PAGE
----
X-rays were discovered accidentally by Rontgen in 1895. The first Nobel Prize was awarded to Rontgen in 1901. This highly penetrating electromagnetic radiation has proved to be a very powerful tool to study the crystal structure, in material research, in the radiography of metals and in medical sciences. Laue, Henry and Lawrence Bragg, Barkla, Siegbahn were some of the Nobel Laureates who have made contribution to these studied. Gamma ray spectroscopy and electron-spectroscopy were some of the spin-offs of these studies apart from the discovery of elements.
Experimental production of X-rays and the Bragg spectrometer:
Electrons from a a heated element were accelerated by very high potential and made to impinge on the target (anode). The X-rays produced are collimated by parallel plates and are incident on a crystal (LiF, quartz, diamond, etc.) As the inter-atomic distance is of the same order as the wavelength of X-rays diffraction is produced and they are detected by counters or photographic plates.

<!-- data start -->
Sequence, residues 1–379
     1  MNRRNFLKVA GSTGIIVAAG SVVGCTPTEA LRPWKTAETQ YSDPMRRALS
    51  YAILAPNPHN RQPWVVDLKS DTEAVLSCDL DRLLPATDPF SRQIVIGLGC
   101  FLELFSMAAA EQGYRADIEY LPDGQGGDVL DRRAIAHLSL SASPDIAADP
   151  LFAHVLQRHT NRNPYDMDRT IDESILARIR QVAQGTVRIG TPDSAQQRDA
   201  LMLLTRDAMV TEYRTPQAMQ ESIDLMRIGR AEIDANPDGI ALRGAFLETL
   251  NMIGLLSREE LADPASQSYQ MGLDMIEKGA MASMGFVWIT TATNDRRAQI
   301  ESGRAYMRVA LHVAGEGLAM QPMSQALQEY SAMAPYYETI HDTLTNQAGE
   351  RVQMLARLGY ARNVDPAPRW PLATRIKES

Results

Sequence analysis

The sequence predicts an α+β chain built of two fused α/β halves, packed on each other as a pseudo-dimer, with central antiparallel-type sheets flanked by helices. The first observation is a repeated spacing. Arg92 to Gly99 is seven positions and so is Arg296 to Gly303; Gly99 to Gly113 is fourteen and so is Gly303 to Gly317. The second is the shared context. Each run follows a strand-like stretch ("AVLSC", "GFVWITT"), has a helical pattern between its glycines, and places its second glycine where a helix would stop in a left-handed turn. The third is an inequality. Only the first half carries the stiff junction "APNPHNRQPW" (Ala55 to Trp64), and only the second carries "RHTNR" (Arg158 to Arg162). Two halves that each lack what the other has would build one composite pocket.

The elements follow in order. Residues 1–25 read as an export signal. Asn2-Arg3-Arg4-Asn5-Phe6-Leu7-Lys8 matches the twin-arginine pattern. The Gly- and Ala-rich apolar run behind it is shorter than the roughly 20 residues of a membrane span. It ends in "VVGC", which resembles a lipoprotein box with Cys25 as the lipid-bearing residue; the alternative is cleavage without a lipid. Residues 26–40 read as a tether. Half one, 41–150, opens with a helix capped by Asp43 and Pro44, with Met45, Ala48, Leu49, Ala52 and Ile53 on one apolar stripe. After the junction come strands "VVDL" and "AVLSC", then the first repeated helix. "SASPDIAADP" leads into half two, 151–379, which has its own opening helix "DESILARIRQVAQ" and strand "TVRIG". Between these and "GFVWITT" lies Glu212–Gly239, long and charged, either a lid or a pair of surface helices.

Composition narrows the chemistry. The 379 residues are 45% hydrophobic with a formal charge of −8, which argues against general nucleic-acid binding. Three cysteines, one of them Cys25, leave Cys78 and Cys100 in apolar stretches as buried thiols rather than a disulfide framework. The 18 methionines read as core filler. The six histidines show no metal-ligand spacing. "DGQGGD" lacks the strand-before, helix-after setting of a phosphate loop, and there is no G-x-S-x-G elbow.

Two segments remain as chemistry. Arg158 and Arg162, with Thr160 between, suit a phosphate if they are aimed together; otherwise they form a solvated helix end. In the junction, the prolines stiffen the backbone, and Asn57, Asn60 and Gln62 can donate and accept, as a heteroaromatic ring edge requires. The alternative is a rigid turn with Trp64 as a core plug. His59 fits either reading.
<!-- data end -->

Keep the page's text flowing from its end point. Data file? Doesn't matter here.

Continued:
PROPERTIES OF X-RAYS
(i) Short wavelength (0.1 A° to 1 A°) electromagnetic radiation.
(ii) Are produced when a metal anode is bombarded by very high energy electrons.
(iii) Are not affected by electric and magnetic field.
(iv) They cause photoelectric emission.
Characteristics equation eV = hvm
e = electron charge;
V = accelerating potential
vm= maximum frequency of X radiation
(v) Intensity of X – rays depends on number of electrons hitting the target.
(vi) Cut off wavelength or minimum wavelength, where v(in volts) is the p.d. applied t
(ix) Bragg’s Law 2 d sin theta= n lemda
(theta = angle for max intensity)
Note: (a) Binding energy = – [Total Mechanical Energy]
(b) Vel. of electron in nth orbit for hydrogen atom
c = speed of light.
(c) For x – rays
(d) Series limit of series means minimum wave length of that series.
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